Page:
High School Dropout Raises $17 Million After Cold Emailing Mark Cuban

January 26, 2016, 2:15 PM UTC
Courtesy The Zebra

Some of the country’s most successful entrepreneurs are college dropouts. But Adam Lyons, the founder and CEO of Austin-based insurance comparison startup The Zebra, might be the first high school dropout founder I’ve ever met.

Lyons left school at age 15 and embarked on a series of odd jobs, which included car flipping. That led him to the insurance industry, where he spent time working as an underwriter at Lloyd’s of London. (He eventually got a college degree from Temple University.)

In 2012 he launched The Zebra, a site that allows insurance customers to compare prices before they purchase. He sent cold emails to investors, including Mark Cuban, who was surprised a comparison-shopping site for insurance didn’t already exist. Cuban later invested, alongside Floodgate and other venture funds.

Today the company announced it raised $17 million in venture funding led by Ballast Point Ventures and Daher Capital. Cuban and other angel investors also participated.

“The Zebra is innovating a stodgy $220 billion industry by providing consumers the transparency they’ve needed for a long time,” says Cuban.

Cuban was correct in his initial disbelief that the startup’s business model had never been attempted before. Leaky, a graduate of Y Combinator, shut down in 2013 saying that it had been difficult to “get a foothold in the industry, which proved difficult as industry outsiders with a disruptive business model.”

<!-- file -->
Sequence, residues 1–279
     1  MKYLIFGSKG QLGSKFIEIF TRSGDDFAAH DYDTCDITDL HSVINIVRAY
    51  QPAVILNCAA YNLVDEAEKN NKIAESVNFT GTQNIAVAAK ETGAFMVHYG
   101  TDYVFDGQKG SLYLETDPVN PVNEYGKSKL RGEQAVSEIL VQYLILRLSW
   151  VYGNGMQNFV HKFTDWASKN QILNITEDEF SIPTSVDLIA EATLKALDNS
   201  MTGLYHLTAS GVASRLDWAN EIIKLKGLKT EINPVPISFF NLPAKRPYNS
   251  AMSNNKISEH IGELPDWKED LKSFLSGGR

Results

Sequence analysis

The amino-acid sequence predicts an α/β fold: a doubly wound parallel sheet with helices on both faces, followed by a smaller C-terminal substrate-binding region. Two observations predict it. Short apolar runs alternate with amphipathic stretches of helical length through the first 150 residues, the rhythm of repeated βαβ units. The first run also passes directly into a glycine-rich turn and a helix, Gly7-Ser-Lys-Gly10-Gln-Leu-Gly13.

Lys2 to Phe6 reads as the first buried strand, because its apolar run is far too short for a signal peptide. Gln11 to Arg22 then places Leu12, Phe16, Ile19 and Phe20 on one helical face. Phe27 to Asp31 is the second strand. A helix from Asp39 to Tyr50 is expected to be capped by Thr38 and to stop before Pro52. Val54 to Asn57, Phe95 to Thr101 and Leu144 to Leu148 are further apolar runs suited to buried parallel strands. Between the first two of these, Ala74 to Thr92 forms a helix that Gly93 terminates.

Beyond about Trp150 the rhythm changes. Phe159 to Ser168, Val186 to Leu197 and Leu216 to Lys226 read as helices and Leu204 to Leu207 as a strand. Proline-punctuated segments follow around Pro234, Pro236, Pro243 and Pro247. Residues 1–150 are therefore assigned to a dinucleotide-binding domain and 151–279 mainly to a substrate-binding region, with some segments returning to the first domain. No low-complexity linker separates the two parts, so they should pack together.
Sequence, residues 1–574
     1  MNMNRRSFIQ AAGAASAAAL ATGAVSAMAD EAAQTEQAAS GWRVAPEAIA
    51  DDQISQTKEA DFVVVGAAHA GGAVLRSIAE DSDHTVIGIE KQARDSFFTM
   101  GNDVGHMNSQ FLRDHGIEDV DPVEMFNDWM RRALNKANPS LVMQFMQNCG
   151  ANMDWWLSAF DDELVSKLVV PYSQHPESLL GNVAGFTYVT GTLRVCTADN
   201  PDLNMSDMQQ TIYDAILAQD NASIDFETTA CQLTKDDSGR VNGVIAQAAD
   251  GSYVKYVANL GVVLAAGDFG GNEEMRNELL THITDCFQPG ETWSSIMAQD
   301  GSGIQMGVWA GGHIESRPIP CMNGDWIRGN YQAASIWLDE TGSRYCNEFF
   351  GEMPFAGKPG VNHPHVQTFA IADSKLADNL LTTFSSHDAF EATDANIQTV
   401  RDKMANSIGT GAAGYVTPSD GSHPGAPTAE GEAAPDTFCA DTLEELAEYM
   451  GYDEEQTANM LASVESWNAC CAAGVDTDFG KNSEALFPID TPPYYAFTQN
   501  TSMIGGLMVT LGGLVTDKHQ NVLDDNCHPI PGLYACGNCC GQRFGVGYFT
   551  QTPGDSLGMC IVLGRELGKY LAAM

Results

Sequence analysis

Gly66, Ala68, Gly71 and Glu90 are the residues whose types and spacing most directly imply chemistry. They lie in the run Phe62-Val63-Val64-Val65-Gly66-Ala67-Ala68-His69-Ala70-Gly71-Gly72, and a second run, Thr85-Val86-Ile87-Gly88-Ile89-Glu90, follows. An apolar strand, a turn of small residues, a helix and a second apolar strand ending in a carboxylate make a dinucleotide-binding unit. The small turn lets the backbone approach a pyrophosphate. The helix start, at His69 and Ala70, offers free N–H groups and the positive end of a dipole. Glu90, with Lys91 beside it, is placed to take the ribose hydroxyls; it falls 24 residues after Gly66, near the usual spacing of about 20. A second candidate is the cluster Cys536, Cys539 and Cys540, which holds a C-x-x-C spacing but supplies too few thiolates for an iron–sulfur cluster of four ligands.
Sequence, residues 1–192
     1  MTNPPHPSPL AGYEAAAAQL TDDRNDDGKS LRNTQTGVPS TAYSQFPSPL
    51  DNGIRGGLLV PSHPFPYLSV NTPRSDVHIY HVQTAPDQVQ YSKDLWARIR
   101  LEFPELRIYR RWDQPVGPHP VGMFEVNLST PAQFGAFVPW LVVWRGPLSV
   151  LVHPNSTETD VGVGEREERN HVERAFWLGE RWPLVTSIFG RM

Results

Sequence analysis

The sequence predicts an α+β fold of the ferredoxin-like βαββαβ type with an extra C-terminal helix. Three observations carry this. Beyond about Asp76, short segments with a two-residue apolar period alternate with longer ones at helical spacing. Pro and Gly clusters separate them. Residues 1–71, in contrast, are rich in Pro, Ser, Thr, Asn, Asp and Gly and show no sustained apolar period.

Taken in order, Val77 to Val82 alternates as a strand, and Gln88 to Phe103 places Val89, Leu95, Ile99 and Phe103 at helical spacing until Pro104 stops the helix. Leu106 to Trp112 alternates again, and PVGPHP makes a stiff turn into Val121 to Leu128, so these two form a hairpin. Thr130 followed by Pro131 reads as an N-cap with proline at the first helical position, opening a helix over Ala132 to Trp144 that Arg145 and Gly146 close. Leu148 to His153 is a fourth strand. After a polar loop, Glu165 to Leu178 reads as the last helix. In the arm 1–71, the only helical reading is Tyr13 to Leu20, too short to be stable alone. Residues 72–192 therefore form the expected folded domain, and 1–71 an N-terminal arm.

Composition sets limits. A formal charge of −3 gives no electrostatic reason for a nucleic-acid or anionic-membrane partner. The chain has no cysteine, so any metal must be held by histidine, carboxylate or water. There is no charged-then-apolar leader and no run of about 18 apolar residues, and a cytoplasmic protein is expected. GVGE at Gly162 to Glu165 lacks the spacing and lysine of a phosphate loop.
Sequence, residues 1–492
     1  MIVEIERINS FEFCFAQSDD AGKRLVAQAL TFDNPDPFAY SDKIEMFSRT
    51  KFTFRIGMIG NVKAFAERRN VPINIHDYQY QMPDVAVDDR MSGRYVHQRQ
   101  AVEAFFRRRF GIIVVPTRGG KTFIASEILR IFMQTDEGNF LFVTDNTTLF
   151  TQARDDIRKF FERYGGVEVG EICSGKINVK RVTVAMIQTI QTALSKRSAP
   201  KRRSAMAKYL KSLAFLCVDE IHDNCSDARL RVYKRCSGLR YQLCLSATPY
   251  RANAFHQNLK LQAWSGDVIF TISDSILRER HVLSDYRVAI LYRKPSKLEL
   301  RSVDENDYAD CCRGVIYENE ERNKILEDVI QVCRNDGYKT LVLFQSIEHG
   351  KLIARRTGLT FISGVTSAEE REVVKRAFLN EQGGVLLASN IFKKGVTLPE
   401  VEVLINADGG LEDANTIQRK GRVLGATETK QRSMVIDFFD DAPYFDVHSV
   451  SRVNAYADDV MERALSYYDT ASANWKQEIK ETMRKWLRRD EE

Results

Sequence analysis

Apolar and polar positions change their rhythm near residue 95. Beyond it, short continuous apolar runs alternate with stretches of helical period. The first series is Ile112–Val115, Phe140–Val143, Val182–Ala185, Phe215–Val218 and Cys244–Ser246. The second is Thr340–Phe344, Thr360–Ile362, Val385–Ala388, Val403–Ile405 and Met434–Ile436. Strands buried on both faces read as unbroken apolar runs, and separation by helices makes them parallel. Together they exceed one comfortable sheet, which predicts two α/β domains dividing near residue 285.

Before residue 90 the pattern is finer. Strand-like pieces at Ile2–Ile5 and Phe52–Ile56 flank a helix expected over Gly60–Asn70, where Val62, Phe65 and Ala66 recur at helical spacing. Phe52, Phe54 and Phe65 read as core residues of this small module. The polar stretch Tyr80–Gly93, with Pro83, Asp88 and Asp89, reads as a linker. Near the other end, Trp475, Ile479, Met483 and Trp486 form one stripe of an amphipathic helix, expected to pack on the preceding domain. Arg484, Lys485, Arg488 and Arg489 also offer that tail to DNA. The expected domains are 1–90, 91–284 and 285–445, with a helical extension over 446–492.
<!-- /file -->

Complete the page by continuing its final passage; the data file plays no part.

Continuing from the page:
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The Zebra has managed to avoid that fate by embracing the insurance industry rather than trying to totally disrupt it. The company works with more than 200 insurance providers across all 50 states in the country, Lyons says. “The challenge is underestimating insurance,” he says. “It’s a very complex product. We want to help simplify everything for consumers, and one of the biggest challenges is a lack of transparency.”

Although, wouldn’t insurance companies benefit from that lack of transparency? Lyons notes that there is mistrust between consumers and insurance companies, but he doesn’t think they’re “evil.” “They don’t view any risk as a bad risk, they just need to price it correctly,” he says.

The Zebra makes money when someone buys insurance from its site, and in some states it also sells insurance on behalf of insurance providers. (About half of its customers buy directly through The Zebra.)

In 2015 the site helped 3.5 million people choose their insurance and the company grew its user base 35% each month last year, says the founder. Lyons plans to spend the new funding raised on marketing, and expanding its team of engineers and insurance agents. The company is building the capability to fulfill policies completely online, avoiding phone calls with agents that most insurers require. Although, with 50 employees, the site is still not yet profitable.

The Zebra faces competition from Google (GOOG), which announced its own insurance comparison product in March. Most other competitors are focused on lead-generation, which doesn’t benefit customers because they don’t compare all insurance options in one place.

The startup also faces competition from insurance companies, which are among the most aggressive advertisers in the country. The competition has the potential to drown out any message The Zebra wants to share with consumers. “It’s a pretty noisy space,” Lyons says. “We’re trying to cut through the noise.”